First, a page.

The goal of my training is bigger than to just reach a certain time or personal best time. It’s also to never again take another break and to even further develop the apprechiation of  every training session in decades to come. But I have also set some measurable goals.

Goal definition:

Saying that I want to be “faster at 50 than at 32” gives some room for interpretation

In 1997 I had my best Ironman Hawaii race finishing 74th overall at 9hr 34 min. I also had my best Olympic non-drafting race finishing second overall at 1hr 59min in Chievres, Belgium.

To improve those results will be serious challenge at 50 – I might have to revise my goal to  “faster at 50+ than 32” and give myself a few years to get there…

Getting there:

The main areas that I will focus on and utilize to my advantage in the journey to improving my speed and performance at +50 are the following (note: not in order of importance as I can not judge that yet). 

1.     Improvements in materials: There has been a tremendous advancement in materials used in triathlon. By using the best materials and technology available I hope to gain a few minutes advantage over “my old self” with regards to performance. I will write about the materials that I try out and provide my view if the material has significant advantage compared to what we used in the past (if at all available in the Jurassic Period, when I used to race).

Version 2

(I had to smile coming out of the water – What an incredible difference with todays wetsuits! Comfortable, not restricting your movement, floating through the 3,850m IM Mallorca swim like a torpedo in 56min without even pushing it)       

2.     +10,000hr principle: Several studies of optimal performance, not only in sports but also arts and music, have shown that it takes 10,000hrs to become truly efficient in something. So far I ’ve put approximately 6,500-7,000hrs into triathlon. There is plenty of room to become more efficient as the 10k hours actually will be calculated for each sport…. With current yearly training volume I will reach 10k hours for the combined sport of triathlon in 5 years.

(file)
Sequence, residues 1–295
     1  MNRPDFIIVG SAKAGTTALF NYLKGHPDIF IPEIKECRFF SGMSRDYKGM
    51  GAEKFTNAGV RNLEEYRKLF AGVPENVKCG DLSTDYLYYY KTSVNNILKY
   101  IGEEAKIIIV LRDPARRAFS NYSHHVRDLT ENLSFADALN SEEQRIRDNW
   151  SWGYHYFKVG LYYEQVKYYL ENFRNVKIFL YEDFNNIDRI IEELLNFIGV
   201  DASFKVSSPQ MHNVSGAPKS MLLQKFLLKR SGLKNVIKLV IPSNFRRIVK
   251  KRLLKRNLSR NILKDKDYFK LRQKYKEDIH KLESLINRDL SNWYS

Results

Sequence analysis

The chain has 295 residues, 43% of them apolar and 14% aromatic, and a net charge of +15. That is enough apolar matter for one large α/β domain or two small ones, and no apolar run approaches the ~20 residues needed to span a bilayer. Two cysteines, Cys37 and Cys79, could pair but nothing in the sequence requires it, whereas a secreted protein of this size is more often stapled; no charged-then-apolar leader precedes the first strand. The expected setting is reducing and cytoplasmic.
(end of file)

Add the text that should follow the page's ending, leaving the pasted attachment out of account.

3.     More research and knowledge about training: Over the past 20 years some of the methods and thoughts about training we utilized in the past remain, but there has also emerged new research and conclusions that I will build into my training. In future blog-posts I will write about what worked for me and what didn’t. 

4.     Improved technic by consulting the best trainers: During my last attempt to become fast (96-98) I had the benefit of being coached by twice, top ten Ironman Hawaii finisher, Jean Moureau from Belgium. From one year to the next I improved my personal best with over an hour on the same course (IM Roth from 10:17 in 1995 to 09:12 in 1996). I will not be able to go back to the volume of those times unfortunately. I will need to become more efficient in all three sports and I will consult the best trainers/instructors to ensure that I don’t waste energy, time and resources.